Vir Cantium

I'm right, you know …

First Time at the Oval

Having been to Lords twice, I had never yet been to the Oval, which as someone from very south of the Thames was just wrong. So last night, I attended Surrey vs Kent at what Lord’s loyalists refer to as “that working men’s club south of the river”. (Whatever.)

Twenty20 cricket has sparked a less-than-quiet revolution for the game, with the shorter matches being accessible not only in terms of length, but also the timing of the matches themselves. Starting at 5:30, the game last night was clearly attracting spectators, still in suits, leaving work early.

The match – Surrey v Kent – was also a first class showcase for the format. The game swung from Kent to Surrey to finish with the two neck and neck. With less than an over left, and only one wicket in hand, Surrey were 14 runs short of the winning line. A few balls later they were just 3 runs behind – and not because of any airborne boundary shot. Twenty20 has a special timekeeping rule, to keep the games short: the 20 overs must be bowled in 75 minutes, otherwise the batting side gets awarded six runs.

So from Kent looking like they should keep the lid on the home side, Surrey then only needed 3 runs off 3 balls. Another ball and run later, 2 runs off 2 balls – surely it was all over? And it was, as the final Surrey wicket fell – a run out – leaving Kent the victors by one run. So justice was served after all.

The 75 minute rule does have its flaws. Though well intentioned, it could, in a close match, be open to a certain degree of subtle gamesmanship, with new batsmen taking the longest possible time (without falling foul of the subjective judgement of the umpire) to get to the crease. Even with the new victim sprinting to the middle, it inevitably penalises the more successful bowling side, as was the case last night, when Kent took more wickets than Surrey managed. Even if the innings had gone the extra couple of balls to the full 20 overs, we were only minutes over the time limit. Rather than keep the game short and exciting, it very nearly killed the game stone dead – a few minutes later and Surrey could conceivably have won the match the instant the penalty was announced.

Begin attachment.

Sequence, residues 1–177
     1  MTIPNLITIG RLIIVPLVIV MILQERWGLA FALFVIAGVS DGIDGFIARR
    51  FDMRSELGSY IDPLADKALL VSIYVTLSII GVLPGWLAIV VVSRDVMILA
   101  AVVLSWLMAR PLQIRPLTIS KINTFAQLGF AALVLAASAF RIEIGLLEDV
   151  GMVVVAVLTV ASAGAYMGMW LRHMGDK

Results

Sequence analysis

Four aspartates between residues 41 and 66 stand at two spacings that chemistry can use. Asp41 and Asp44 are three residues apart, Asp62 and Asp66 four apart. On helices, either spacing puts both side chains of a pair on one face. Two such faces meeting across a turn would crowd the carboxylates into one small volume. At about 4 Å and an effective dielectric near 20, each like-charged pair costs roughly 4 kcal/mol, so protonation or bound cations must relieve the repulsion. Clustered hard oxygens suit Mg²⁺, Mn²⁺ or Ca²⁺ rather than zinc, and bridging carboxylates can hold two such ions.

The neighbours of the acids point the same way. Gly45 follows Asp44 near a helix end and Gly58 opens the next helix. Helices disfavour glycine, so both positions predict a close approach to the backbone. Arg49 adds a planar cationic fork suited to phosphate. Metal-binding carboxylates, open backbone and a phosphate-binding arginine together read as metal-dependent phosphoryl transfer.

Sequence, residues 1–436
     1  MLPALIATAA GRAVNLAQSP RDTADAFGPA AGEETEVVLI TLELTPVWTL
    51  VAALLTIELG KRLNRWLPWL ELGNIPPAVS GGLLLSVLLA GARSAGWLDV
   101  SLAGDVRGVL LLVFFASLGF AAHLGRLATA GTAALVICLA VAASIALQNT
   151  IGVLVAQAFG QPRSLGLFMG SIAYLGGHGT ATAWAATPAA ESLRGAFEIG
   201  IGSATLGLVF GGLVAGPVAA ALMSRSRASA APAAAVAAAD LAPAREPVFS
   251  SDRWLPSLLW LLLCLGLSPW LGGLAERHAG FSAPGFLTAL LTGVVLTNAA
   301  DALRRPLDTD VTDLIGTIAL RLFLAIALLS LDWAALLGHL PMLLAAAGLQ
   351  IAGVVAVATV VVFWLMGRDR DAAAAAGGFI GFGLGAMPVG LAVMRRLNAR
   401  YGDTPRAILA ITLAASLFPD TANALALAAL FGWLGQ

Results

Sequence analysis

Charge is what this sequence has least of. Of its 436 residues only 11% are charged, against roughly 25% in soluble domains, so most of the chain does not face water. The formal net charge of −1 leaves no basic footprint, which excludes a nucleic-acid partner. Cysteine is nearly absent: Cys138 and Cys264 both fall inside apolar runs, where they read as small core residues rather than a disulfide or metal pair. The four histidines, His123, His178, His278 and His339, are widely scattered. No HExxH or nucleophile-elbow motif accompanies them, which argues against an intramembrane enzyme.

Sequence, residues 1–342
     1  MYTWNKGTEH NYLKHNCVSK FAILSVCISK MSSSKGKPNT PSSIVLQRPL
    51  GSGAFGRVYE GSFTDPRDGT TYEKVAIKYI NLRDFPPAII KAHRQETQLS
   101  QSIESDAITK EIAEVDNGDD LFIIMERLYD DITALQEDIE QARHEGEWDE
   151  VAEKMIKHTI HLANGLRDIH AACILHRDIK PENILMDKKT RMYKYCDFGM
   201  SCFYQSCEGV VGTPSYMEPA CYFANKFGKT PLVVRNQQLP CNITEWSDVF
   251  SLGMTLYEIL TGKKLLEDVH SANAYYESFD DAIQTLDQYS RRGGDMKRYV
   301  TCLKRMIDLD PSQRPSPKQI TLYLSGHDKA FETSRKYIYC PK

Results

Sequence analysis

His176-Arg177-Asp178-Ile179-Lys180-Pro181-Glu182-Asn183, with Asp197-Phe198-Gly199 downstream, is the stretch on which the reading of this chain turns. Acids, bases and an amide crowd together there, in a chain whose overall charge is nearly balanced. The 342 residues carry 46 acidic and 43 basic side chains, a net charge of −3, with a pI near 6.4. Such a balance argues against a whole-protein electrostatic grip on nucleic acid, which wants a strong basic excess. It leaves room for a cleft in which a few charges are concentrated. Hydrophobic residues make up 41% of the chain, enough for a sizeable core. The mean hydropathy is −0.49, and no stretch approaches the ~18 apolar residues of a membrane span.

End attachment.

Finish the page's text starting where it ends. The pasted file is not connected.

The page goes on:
So I think a modification is called for. How about a 70 minute time limit applying to, say, 17 overs? After that, if it’s the sort of tight finish that makes for a memorable game, the crowd aren’t really going to be bothered whether the innings finishes inside 75 or 82 minutes.

A final note to Surrey from a 20/20 relative newbie: get a decent name, chaps. Surrey Browncaps? Sounds like it should be rhyming slang for something.

Kent Spitfires: now that’s a name.

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